11 February 2014
I finally got to see The Vow a while ago. My sister was looking for rom-coms and has been on a streak since the weekend (we watched Bridget Jones’ Diary and A Lot Like Love, two movies I will never get tired of, let me say). C. apparently had a copy of this on her hard drive, so I thought, okay. I remembered your letter about this.
Since I am always interested in memory, I thought the premise interesting, even if not entirely original. I mean–people change and not change all the time. But what happens if a big chunk of your life disappears just like that? To lose a part of yourself that was vital, that part that you have discovered you can become, and be?
I think possibly the most important insight in the story is the protagonist rejecting the idea of an “old me” versus a “new me.” I liked how Rachel McAdams’ character says, “There’s just me.”
Perhaps a half-hour in, my sister posited that before the accident, Paige must’ve chucked her old life, moved to the city and, having found her new sense of freedom, proceeded to become a wild thing. That this wildness must’ve been repressed in the presence of controlling parents and a too-perfect family. In short, it’s rebellion: the classic leave-law-school-for-art dilemma.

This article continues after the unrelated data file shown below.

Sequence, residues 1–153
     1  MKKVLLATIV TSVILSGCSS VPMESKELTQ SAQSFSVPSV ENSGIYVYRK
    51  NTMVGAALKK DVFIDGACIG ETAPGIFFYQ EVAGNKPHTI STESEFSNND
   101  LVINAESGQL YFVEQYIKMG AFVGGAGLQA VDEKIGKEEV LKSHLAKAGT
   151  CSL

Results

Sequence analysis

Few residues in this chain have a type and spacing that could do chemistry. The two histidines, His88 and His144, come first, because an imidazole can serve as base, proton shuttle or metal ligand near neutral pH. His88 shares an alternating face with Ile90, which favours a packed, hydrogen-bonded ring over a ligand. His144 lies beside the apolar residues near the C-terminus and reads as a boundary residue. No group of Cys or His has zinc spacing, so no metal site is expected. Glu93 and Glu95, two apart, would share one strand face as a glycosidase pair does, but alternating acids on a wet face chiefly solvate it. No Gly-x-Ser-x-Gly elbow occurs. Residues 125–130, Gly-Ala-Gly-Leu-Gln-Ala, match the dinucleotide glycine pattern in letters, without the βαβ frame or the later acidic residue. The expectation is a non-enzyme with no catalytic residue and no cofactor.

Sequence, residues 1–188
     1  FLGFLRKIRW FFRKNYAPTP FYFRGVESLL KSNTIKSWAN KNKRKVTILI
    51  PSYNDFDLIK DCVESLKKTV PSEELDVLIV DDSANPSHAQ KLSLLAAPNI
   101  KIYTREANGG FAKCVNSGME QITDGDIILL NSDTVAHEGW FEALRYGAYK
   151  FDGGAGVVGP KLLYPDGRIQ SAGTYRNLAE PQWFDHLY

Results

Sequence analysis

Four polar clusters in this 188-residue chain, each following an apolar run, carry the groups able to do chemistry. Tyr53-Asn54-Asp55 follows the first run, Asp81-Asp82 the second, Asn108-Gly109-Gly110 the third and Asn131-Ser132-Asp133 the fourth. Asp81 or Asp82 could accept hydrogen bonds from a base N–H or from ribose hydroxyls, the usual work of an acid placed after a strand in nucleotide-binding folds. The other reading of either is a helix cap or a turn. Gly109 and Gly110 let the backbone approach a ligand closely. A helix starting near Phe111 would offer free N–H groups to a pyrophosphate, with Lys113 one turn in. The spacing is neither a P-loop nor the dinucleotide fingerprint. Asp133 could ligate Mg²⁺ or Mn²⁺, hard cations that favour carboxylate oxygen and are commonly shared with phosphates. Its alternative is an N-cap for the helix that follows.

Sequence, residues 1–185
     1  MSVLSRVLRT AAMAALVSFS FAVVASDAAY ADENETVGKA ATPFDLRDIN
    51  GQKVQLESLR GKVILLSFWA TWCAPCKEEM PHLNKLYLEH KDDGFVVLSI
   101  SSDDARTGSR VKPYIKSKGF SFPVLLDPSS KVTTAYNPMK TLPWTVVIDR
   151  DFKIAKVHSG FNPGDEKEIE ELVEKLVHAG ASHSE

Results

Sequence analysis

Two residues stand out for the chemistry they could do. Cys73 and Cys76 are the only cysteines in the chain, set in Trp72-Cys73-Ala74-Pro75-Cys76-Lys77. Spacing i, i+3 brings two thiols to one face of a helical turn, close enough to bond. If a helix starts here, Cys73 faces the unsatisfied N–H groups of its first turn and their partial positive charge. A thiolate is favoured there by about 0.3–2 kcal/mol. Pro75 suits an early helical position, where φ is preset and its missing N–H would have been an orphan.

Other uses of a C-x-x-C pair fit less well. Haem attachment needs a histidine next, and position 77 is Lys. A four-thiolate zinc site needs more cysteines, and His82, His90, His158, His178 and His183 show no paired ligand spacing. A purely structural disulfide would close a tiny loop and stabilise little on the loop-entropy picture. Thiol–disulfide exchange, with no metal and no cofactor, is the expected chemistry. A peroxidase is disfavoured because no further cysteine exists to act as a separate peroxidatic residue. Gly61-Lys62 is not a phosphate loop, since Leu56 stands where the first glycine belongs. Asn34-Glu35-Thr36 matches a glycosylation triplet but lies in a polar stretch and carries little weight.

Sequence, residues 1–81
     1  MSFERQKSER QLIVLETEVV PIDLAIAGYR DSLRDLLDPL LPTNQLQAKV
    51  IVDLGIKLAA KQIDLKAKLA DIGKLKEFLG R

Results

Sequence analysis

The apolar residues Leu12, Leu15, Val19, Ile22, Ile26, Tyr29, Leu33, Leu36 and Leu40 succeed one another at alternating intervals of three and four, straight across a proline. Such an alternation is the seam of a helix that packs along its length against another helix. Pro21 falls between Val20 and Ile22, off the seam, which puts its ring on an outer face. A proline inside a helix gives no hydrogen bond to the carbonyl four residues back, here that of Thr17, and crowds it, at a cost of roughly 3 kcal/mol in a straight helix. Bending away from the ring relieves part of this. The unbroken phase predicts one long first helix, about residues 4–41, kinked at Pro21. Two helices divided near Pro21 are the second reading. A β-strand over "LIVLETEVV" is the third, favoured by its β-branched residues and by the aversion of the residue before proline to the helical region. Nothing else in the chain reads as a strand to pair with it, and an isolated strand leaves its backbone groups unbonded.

I said, is it, really? I countered that that’s who Paige really is–the artist, the sculptor, someone who allows herself to laugh and love. My theory was that she wasn’t happy with her life before, and sought to make a change–something that doesn’t involve people imposing their dreams on her. Perhaps her parents were trying to shape her into something she’s not, and she’s finally realised it, so she moved out to try and free that part of herself that has been struggling because of a lack of a support group.
When I noticed that I may have been speaking about myself, I thought it was time to shut up and just watch the damn movie. I can’t help but bristle, but–why does art/writing/creativity always have to be the villain when it comes to some people?
But let’s get back to something I found worrying: when that part of you that you have just discovered exists–something that you have just been recently cultivating, taking care of, nourishing (the timeline in the story was five years)–is gone suddenly, your brain having erased it, does it leave a space, an emptiness, a hole to let you know that something was once there? I mean–of course there’s a physicality to it that can’t be ignored. But I am talking about how, if you are alone, if you have no one in your life to witness those past few years–who can say you’ve changed at all? How can you trust yourself again? Or, how will you ever know how much you have betrayed yourself, with no memories to rely on?
The presence of the husband in the movie kind of solves the dilemma, which is why, in the end, I feel that the story could’ve been something more. I mean, I’m glad that Paige went through similar steps all over again–sort of a restart (but do we ever really get that?). I just have this nagging feeling though–would she have sought this path if there wasn’t someone like Leo in her life who told her that “this is who you are”?